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3.22. Of the maner of meaſuring the length and bredth of things after the Engliſh vſage. Cap. 22.

Of the maner of meaſuring the length and bredth of things after the Engliſh vſage. Cap. 22.

THe firſt and ſmalleſt of our meaſures is the Barly corne, whereof thrée being taken out of the middeſt of the ere, well dried and layde endewardes one to another, are ſayde to make an ynche,Inche. which the Latines meaſure after the bredth of the thombe, and therfore of ſome is called Pollicare, although the true name thereof be Vncia, as I haue often reade.Finger bredth. That which they call Digitus or the finger bredth, is not in vſe with vs: yet is it the ſixtenth part of theyr foote, as the inche is the twelfth of ours.Palme. Each palme or hand bredth cõtaineth alſo foure of theyr fingers, as by the figure héere inſuing, may eaſily be perceyued, whych I haue ſet downe onely to the ende that who ſo liſteth may beholde the EEBO page image 129 diuerſity not onely betwéene the Romaine meaſure & ours, but alſo of their owne ſtan|dard which hath chaunged oft among them.

Certes it coulde not well be brought to paſſe, to giue out the whole foote becauſe the quantitie of the page would not suffer mée ſo to doe, wherefore I haue exemplified only in the halfe, which I hope ſhall abundauntly ſatiſfie eche one that is deſirous to ſée and perceyue their difference. The firſt columne therefore ſetteth downe the halfe foote, after the ſtanderd of Englãd. The 2. ſéemeth to be a Romain foote, found out of late by Bartho|lomeus Marlianus, and ſet downe to be ſéene in his Topography of Rome. Therin alſo e|uerye [figure appears here on page 129] fynger breadth contei|neth two of the old aſſize, wher|by hée maketh not 16. but one|ly eyght in the whole, as you may there be|hold. The third is that which Budeus had ſõe|time delyuered vnto him, who was very cury|ous in ſerching of the weights, and meaſures, of olde tyme as maye yet ap|peare by his ex|cellent treatize De aſſe, wherin hys ſyngular ſkill in thys be|halfe doth eui|dently appeare.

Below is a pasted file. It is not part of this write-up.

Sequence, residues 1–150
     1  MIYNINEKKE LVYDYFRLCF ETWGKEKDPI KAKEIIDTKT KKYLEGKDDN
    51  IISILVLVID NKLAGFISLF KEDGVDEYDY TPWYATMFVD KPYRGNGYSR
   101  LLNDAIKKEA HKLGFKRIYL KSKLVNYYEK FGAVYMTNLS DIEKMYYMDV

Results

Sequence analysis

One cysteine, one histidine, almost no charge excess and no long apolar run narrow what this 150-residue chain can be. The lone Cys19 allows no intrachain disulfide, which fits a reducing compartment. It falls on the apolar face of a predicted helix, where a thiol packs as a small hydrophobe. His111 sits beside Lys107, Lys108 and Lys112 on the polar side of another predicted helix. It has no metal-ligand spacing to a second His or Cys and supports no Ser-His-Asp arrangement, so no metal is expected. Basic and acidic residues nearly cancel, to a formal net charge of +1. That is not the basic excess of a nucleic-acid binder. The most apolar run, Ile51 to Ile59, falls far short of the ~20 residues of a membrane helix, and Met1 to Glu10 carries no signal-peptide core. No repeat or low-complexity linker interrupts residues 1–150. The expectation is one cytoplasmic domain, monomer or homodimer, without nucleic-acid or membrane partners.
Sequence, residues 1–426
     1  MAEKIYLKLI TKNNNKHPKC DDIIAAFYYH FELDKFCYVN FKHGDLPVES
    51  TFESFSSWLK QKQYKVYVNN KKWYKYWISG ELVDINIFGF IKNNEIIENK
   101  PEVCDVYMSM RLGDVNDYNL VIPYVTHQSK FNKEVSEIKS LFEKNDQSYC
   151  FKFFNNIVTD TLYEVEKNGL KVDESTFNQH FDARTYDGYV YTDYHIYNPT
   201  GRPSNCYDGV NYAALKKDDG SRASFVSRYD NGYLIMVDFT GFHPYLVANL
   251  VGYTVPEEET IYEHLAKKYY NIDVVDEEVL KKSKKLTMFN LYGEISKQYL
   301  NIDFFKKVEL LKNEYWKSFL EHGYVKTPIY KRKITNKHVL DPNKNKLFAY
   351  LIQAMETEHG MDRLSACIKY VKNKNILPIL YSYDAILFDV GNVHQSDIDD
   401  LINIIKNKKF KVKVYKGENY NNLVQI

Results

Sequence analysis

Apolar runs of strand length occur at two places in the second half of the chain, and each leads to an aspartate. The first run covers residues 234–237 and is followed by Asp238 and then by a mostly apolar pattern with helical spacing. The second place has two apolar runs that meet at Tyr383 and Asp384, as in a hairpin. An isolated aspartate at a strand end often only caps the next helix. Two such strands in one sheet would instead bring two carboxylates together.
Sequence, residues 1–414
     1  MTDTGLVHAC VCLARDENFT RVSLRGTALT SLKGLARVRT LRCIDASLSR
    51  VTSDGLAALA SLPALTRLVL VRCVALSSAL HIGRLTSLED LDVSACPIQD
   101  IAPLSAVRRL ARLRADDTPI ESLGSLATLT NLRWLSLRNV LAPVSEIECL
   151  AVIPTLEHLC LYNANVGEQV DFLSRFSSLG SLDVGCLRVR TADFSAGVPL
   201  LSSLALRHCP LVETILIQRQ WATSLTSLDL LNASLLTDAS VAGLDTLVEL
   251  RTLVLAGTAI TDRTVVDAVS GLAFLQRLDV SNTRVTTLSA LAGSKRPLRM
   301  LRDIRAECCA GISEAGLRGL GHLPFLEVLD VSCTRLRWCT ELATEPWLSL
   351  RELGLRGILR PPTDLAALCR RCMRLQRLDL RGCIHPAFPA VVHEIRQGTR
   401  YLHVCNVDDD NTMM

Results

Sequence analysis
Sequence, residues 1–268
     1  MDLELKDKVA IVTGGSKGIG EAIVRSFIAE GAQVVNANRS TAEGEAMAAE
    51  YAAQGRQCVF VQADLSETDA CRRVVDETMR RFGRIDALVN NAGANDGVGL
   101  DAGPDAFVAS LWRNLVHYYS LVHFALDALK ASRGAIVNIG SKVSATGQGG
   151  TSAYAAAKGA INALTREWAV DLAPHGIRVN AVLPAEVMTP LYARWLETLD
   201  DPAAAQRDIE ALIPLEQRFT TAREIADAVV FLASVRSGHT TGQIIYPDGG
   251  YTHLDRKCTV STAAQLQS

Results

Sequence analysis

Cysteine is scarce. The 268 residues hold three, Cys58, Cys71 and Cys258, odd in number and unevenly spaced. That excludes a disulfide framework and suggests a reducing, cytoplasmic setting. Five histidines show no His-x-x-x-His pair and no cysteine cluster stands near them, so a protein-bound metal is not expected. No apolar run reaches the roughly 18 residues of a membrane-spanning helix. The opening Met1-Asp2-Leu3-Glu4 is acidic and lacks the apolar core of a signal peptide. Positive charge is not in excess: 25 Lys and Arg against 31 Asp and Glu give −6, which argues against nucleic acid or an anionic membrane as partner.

The fourth was foũde long ſince, by Leo|nard de Portis, in a Garden at Rome, belong|yng to Angelus Colotius. The fift is the halfe foote of Paris, diuyded by the ynche, and yet equall to ye Ro|maine ſtanderd deſcribed by Budeus. The laſt ſhoweth the the quantitie of their Palme, whereof their foote hath foure, and eche Palme conteyneth 4. fingers as I haue ſaide already. By this Tablet alſo as you may ſée, howe eche ſtan|derde excéedeth or commeth ſhorte of other, Wherefore it ſhall not néede for me to [...] any longer vppon theyr differences, which may ſo well and better be determined by the eye. Of our meaſures therefore.